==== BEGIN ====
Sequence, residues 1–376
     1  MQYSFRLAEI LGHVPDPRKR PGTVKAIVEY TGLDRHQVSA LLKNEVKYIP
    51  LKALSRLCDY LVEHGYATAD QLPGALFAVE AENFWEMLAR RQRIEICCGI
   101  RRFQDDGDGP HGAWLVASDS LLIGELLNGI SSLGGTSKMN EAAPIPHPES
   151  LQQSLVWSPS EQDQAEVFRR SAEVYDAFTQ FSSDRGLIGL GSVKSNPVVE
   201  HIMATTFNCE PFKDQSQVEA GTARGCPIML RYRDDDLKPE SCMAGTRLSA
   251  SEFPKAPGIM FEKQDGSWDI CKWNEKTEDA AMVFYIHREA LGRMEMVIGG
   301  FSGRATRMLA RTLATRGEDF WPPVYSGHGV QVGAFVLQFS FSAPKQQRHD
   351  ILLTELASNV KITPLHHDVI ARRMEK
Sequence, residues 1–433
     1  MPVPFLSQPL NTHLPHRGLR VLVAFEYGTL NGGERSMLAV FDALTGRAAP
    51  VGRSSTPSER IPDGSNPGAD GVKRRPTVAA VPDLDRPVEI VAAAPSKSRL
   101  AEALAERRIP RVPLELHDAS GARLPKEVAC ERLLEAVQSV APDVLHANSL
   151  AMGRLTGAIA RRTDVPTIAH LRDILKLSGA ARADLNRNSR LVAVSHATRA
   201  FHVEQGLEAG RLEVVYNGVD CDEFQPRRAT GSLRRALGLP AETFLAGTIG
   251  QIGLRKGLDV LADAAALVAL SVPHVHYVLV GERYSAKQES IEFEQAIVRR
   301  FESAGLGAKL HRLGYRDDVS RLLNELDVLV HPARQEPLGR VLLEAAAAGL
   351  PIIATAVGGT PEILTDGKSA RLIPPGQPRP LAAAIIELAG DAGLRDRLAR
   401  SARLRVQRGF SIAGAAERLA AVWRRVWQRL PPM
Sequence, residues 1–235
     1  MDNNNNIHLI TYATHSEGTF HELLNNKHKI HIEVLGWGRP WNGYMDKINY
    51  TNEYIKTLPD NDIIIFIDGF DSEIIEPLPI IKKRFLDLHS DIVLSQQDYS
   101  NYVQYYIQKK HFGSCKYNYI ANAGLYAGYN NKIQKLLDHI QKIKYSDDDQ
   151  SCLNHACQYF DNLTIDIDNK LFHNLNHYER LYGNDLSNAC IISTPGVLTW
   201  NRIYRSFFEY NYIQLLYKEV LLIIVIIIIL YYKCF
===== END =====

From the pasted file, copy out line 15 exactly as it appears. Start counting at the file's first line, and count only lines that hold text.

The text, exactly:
   201  FHVEQGLEAG RLEVVYNGVD CDEFQPRRAT GSLRRALGLP AETFLAGTIG